We recently published a paper on a case study we did on an existing bridge in 2010/2011. The paper is published in the Journal of Bridge Engineering, and can be accessed through this link.
The abstract of the paper is as follows:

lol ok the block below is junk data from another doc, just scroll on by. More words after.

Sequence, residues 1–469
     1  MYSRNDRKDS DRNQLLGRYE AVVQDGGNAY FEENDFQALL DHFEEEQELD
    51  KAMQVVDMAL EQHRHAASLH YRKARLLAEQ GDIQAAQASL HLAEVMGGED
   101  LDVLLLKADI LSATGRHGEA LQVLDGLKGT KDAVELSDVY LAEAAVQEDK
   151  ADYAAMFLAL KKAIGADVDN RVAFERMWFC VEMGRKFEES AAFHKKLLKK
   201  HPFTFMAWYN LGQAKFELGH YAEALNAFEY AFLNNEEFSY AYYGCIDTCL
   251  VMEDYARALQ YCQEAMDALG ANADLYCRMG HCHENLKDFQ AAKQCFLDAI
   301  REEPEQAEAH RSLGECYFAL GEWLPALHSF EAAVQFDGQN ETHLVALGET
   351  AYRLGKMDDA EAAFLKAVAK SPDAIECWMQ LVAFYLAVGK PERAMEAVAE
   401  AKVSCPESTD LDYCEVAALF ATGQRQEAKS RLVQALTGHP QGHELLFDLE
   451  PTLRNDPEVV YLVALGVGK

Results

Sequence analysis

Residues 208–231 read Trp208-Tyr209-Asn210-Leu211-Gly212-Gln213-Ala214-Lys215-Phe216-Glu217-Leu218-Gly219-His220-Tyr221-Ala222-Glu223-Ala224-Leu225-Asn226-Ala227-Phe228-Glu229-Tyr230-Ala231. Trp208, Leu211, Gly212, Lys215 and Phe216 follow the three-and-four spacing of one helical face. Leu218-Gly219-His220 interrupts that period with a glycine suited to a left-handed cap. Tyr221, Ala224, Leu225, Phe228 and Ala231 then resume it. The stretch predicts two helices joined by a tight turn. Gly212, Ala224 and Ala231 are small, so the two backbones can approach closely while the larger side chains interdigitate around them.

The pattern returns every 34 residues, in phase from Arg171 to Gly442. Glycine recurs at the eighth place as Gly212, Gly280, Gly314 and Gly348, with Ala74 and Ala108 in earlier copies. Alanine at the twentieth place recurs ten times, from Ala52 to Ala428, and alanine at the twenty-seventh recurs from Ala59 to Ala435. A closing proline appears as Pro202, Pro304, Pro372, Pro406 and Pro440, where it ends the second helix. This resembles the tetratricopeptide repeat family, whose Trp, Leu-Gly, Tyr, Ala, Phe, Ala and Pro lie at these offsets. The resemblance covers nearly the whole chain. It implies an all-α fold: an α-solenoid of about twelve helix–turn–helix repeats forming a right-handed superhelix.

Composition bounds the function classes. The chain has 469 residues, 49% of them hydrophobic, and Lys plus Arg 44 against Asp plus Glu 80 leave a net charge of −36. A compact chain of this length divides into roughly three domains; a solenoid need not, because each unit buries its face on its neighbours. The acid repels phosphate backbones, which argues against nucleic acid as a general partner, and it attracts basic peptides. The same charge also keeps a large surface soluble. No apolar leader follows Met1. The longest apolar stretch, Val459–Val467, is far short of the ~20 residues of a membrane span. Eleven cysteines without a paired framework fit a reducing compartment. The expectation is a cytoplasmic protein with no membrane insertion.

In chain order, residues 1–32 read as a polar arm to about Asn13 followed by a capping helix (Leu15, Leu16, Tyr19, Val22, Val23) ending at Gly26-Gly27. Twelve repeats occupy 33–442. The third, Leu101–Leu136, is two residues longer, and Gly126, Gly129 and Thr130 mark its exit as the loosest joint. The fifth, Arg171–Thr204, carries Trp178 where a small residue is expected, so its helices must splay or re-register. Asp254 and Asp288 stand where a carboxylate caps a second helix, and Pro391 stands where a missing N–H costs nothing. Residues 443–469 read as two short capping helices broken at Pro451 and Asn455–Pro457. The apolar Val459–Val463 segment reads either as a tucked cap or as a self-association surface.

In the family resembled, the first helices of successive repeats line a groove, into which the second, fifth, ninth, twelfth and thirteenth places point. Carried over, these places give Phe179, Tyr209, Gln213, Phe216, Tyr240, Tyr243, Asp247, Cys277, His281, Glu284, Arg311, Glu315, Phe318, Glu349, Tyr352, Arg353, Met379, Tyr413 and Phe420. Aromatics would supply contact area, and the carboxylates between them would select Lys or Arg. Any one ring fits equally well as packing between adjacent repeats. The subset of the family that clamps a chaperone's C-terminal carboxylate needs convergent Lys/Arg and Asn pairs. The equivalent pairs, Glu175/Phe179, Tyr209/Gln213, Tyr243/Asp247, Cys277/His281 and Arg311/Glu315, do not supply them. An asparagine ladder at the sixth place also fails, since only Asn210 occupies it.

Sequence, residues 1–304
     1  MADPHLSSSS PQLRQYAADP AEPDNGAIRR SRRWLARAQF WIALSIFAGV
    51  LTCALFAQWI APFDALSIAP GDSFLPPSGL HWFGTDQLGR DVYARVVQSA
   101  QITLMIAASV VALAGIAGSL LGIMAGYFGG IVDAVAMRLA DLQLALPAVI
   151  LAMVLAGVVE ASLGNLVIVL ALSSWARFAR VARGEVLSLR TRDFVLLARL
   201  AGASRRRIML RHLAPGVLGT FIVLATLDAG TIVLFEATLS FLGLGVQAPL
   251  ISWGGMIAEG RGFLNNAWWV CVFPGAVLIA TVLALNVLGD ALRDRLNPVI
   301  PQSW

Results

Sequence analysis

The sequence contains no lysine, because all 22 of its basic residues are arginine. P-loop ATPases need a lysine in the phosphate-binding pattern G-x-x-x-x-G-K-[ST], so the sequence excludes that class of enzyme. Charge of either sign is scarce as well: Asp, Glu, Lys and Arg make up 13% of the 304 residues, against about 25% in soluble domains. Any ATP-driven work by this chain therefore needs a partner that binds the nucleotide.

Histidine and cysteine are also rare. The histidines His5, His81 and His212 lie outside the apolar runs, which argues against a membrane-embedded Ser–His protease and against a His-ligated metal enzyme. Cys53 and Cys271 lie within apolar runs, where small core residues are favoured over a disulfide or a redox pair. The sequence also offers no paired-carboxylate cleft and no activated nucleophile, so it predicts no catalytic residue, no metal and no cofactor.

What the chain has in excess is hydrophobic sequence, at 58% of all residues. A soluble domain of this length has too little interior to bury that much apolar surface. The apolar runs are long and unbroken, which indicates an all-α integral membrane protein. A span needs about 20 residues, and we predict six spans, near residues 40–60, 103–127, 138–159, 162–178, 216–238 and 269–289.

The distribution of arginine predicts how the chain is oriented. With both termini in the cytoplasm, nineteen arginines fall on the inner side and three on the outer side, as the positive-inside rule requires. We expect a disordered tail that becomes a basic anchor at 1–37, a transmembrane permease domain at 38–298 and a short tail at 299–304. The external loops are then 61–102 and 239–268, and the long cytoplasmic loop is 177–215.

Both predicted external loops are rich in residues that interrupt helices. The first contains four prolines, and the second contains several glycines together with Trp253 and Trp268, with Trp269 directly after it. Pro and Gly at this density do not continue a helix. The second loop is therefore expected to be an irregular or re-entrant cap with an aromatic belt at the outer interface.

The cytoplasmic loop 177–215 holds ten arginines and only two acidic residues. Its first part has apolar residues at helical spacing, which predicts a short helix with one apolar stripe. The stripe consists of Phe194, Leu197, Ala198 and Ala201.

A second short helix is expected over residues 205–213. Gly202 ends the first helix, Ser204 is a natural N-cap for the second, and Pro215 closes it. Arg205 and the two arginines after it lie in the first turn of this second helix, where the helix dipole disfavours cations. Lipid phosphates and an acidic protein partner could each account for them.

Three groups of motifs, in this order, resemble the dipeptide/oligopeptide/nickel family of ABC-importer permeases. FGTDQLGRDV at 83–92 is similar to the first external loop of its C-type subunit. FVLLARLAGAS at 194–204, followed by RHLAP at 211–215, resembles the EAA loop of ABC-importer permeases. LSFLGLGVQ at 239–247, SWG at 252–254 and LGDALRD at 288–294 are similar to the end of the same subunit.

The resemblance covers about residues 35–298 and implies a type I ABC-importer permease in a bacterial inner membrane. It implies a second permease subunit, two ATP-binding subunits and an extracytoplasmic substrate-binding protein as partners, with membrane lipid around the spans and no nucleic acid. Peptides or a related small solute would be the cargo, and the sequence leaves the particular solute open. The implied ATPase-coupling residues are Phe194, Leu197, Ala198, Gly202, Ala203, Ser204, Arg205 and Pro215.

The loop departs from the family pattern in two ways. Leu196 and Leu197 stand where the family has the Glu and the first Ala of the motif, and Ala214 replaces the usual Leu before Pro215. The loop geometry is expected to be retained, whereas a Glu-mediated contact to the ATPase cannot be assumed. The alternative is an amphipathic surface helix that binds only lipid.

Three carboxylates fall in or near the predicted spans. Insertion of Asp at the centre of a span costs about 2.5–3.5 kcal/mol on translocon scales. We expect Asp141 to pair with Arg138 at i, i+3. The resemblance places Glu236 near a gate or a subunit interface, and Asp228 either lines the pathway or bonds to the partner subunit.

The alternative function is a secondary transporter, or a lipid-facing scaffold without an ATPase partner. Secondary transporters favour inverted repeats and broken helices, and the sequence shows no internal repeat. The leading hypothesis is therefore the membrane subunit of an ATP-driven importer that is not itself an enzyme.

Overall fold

A 55-year-old bridge showed large cracking in the approach bridge caused by restraint of deformation and support settlement. After repair, it was uncertain at which crack width the traffic loads on the bridge should be further restricted. The shear capacity was calculated by counting on the aggregate interlock capacity of a supposedly fully cracked cross section. An aggregate interlock relationship between shear capacity and crack width based on an unreinforced section was used to find the maximum allowable crack width. Limits for crack widths at which load restrictions should be imposed were found. The large structural capacity of the cracked concrete section shows that the residual bearing resistance based on the aggregate interlock capacity of reinforced concrete slab bridges with existing cracks is higher than expected. This expected capacity could be calculated with the inclined cracking load from the code provisions. The procedure outlined in this paper can thus be used for the shear assessment of fully cracked cross sections of reinforced concrete bridges.